As mobile telecommunication companies drive growth into Africa, so are more African's becoming connected to the internet. The African Telecom Market is growing at a rate of 21%, aggressively driving the economic development of the continent.[i]
But why is this important? For starters, it directly relates to the number of people who can get access to the internet at home or at work, thus allowing them to interact with each other which will ultimately allow them to do business with each other.
Disappointingly however, broadband remains expensive in African countries and this is hampering growth. Yet there are positive signs - Africa is still showing the best growth compared to the rest of the world in terms of internet access. On the continent, out of a population of 11,4 million people, 3,69 million people are actual internet subscribers leaving 7,5 million ready to be serviced[ii].
From the "Measuring the Information society 2013
" report the following facts are highlighted:
- An estimated 16.3% of individuals use the Internet in Africa.
- An estimated 10.9% of Africans have an active mobile broadband subscription.
- An estimated 0.3% of Africans have a fixed (wired) broadband subscription.
- An estimated 6.7% of African households have internet access
- Highest percentages of individuals using the Internet: 47% in Seychelles, 41% in Mauritius. South Africa (41%), Cape Verde (35%), Nigeria (33%), and Kenya (32%).
- Kenya has the largest amount of international internet bandwidth per internet user in Africa (24 kbit/s per user). South Africa follows at 19 kbit/s, then Côte d'Ivoire at 17 kbit/s, Seychelles at 17 kbit/s and Mauritius at 15 kbit/s.
At this stage, these are promising statistics for African growth in this industry, although Africa is still lacking compared to the rest of the world in terms of penetration, as per the graph below.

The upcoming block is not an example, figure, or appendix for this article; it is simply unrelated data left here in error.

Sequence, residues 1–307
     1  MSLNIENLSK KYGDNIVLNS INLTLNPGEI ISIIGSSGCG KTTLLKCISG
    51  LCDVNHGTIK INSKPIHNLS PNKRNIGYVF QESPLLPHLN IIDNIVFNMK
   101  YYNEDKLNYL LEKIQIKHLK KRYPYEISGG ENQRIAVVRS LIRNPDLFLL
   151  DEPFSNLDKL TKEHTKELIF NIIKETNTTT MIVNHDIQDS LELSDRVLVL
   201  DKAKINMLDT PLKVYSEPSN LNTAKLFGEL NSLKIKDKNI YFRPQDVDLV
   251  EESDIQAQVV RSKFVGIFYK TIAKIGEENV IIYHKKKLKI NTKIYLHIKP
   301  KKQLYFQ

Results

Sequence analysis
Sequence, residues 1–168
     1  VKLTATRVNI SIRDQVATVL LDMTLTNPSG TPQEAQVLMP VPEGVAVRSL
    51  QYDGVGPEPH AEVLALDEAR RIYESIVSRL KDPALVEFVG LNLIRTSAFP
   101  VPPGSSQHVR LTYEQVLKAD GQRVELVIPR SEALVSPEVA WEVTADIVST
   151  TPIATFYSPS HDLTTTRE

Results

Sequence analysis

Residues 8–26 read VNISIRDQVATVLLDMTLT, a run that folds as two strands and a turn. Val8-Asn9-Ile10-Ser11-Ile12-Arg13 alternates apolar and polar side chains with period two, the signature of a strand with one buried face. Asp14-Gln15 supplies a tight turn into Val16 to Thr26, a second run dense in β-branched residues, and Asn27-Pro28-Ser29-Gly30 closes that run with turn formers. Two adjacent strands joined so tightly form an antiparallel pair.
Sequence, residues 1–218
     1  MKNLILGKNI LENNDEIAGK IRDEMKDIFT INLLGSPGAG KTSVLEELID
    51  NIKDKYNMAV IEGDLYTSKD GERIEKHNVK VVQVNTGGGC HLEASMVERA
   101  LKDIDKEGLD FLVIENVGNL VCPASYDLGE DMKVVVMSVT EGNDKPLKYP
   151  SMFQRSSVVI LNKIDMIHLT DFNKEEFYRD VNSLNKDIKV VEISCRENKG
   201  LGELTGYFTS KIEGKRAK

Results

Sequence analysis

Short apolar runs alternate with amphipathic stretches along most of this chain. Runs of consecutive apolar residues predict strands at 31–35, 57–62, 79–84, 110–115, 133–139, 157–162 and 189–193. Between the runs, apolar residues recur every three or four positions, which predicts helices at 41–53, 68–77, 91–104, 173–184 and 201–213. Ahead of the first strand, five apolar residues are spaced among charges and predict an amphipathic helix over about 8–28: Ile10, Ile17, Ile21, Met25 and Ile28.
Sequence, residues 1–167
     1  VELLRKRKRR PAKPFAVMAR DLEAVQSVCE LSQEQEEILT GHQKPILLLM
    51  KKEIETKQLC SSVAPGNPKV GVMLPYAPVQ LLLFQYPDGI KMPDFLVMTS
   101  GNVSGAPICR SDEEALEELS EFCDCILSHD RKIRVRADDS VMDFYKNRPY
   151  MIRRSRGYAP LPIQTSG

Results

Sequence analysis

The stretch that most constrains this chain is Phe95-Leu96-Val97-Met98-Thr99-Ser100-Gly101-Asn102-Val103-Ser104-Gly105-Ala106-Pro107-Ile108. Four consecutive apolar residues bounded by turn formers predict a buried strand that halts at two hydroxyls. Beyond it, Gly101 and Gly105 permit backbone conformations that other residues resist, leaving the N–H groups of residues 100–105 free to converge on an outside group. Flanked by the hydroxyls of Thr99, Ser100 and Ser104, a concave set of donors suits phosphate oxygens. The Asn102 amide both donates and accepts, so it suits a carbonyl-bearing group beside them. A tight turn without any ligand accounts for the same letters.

Source: Internet World Stats
There are however certain positives that can be seen in this landscape such as the benefits to institutions and companies looking to establish themselves in Africa. And not only for the telecommunications industry but other big players such as banks that want to enter the market aggressively[iii].
With gaps in many business arenas waiting to be filled, more sectors will surely follow suit, which will necessitate the need to promote these sectors and their services and products in the digital space. Various platforms such as social media, banner advertising, video advertising (where broadband allows), search advertising and of course mobile advertising can be put to extremely effective use. And this is where a tool such as EMA comes into play.
The African Internet population is young compared to the rest of the world, but this means that a great opportunity awaits. It is vital that companies take heed of these opportunities. Of equal importance is building the basics correctly.
With regards to efficient, cheap internet access, the African landscape is ripe for the picking. So too is online branding and marketing. African countries are ready to embrace the benefits of internet access, the power and opportunity this yields for new business and business growth and the countless doors this will open in terms of communication and online advertising that is successful, effective and yields excellent bang for buck.
[i] CSR Wire
[ii] Manifest Mind
[iii] (Ecobank CEO More about EMA
EMA enables brands and agencies to plan and buy online advertising space. The platform uses a real-world algorithm TM which blends available ad space with the desired target audience reach, frequency, price, budget and asset spread to optimise an online media plan with limited waste. It works on the premise of "the higher your GRP (Gross Point Rating), the better your campaign". Visit there site at www.elasticmediaafrica.com